Project Information

Project Title:

Cesarean section: impact on infant gut microbiota, childhood obesity and allergic disease

Principal Investigator(s):

Kozyrskyj, Anita L


Azad, Meghan; Becker, Allan B; Chari, Radha S; Dinu, Irina; Field, Catherine J; Guttman, David S; Haqq, Andrea M; Mandhane, Piush; Scott, James A; Subbarao, Padmaja; Turvey, Stuart E

Institution Paid:

University of Alberta

Research Institution:

University of Alberta 




Operating Grant  – PA: Existing and Emerging Threats & Chronic Disease



Assigned Peer Review Committee:

CIA Clinical Investigation – A

Primary Institute:

Human Development, Child and Youth Health 

Primary Theme:

Health systems/services

Term (Yrs/Mths):

1 yr 0 mth  

CIHR Contribution:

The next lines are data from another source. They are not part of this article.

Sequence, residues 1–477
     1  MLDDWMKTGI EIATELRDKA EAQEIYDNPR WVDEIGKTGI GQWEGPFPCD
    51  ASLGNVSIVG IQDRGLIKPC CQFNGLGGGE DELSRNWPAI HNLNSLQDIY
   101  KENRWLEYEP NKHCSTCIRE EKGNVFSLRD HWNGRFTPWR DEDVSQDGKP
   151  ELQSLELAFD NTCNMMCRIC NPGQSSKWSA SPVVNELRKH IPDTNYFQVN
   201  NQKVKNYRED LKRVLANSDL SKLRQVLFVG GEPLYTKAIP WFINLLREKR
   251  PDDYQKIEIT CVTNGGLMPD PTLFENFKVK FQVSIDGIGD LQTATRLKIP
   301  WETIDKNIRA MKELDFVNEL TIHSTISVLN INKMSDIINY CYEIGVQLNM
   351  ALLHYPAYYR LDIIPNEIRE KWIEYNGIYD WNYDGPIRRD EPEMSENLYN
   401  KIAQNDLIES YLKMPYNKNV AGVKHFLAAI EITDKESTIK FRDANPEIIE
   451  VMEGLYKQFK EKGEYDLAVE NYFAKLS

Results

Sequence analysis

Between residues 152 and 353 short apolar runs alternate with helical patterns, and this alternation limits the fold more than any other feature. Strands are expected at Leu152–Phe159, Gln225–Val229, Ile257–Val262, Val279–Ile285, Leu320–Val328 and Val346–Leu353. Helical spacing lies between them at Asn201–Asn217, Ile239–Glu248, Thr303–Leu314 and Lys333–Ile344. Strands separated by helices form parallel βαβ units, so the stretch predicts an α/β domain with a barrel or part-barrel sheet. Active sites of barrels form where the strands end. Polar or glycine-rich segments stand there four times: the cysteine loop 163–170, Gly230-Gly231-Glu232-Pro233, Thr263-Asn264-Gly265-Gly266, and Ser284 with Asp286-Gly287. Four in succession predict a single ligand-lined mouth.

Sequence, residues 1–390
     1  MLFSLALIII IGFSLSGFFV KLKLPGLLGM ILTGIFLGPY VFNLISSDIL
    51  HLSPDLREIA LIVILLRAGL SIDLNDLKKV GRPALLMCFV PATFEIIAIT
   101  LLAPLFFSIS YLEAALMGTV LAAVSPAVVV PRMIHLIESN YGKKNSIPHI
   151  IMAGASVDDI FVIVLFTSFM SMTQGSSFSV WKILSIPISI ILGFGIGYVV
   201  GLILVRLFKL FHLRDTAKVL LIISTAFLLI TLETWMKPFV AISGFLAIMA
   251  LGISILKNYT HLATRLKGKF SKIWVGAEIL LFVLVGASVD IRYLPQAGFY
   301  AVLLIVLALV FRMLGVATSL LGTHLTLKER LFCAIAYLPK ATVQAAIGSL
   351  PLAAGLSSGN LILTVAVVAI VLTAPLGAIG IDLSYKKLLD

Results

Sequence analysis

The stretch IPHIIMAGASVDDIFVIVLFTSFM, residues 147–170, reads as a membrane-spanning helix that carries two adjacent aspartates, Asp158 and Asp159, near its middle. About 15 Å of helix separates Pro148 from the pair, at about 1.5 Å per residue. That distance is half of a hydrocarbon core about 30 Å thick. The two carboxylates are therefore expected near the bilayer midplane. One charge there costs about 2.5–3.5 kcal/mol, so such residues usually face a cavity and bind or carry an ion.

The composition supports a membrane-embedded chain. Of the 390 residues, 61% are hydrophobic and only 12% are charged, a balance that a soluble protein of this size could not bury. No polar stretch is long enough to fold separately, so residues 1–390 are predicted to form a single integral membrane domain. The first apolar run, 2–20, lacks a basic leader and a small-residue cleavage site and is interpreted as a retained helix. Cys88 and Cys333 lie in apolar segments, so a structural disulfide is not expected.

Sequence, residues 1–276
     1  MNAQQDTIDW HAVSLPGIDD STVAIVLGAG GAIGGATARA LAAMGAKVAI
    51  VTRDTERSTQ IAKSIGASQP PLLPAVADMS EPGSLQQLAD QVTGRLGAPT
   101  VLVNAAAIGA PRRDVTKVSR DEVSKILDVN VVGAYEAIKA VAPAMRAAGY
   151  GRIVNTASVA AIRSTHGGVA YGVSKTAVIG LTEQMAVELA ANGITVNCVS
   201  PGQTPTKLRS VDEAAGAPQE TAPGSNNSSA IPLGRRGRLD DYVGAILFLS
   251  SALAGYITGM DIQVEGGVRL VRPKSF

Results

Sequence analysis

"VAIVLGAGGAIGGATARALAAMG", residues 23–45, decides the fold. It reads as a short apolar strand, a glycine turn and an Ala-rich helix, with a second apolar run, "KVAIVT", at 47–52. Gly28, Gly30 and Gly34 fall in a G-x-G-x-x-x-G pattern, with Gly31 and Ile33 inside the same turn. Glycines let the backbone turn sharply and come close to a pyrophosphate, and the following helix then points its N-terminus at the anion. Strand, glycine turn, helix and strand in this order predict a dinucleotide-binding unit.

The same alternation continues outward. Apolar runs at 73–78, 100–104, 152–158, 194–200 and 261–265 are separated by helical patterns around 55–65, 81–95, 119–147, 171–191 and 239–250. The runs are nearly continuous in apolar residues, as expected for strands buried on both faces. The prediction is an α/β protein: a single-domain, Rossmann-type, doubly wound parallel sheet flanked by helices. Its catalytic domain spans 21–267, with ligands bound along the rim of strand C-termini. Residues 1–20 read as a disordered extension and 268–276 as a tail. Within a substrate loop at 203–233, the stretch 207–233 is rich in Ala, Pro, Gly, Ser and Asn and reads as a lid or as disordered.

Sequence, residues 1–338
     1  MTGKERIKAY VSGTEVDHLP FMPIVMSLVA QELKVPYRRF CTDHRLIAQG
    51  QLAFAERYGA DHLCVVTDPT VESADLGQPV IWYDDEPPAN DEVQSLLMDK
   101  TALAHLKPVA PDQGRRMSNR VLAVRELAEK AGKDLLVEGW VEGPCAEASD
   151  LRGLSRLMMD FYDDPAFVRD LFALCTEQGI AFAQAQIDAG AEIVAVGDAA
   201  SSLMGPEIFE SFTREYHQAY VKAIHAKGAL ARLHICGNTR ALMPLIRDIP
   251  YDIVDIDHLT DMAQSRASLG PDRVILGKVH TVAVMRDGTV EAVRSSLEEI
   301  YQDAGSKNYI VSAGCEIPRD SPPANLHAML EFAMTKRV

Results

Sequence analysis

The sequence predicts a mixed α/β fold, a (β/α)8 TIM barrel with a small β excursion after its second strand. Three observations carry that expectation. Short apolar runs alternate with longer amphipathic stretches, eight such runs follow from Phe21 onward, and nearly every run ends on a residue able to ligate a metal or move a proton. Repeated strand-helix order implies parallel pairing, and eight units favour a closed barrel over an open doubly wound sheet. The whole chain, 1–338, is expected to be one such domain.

The World Health Organization recommends that the rate of Cesarean section (CS) should be no higher than 15% and that infants should not be fed anything other than breast milk for the first 6 months. Currently in Canada, 27% of births are by CS, up from 18% in the mid 1990s. Also, only 14% of Canadian infants are strictly breastfed for the first six months of life and less so if they are born by CS. The consequences of decision-making around birth method and infant feeding should not be underestimated. Beyond risks to the mother and infant at the time of delivery, long term health effects are associated with CS birth, including allergy, asthma and overweight. Breastfeeding provides health benefits to the child by reducing the risk of these conditions. It is thought that health outcomes related to CS and breastfeeding may be due to changes in the bacteria living in the intestinal tract, called the gut microbiota. This community of beneficial bacteria evolves in response to the bacterial environment of the infant. Normally, the first exposure to microbes is the bacteria encountered in the birth canal. In a CS-delivered infant, exposures come from the mother’s skin and hospital environment. Antibiotic treatment to prevent infection in CS may also affect the development of infant gut microbiota. A clearer understanding is needed of how the gut microbiota is affected by birth method and early feeding, and how these changes affect the health of the child later in life. The main goal of our research in 3,300 healthy Canadian infants is to understand long term child health outcomes arising from changes in the development of the infant gut microbiota in response to CS delivery. A secondary goal is to determine how other factors, like breastfeeding and antibiotic use, alter the effects of CS on the infant gut microbiota. This will help parents and physicians make more informed decisions about birth method and infant feeding.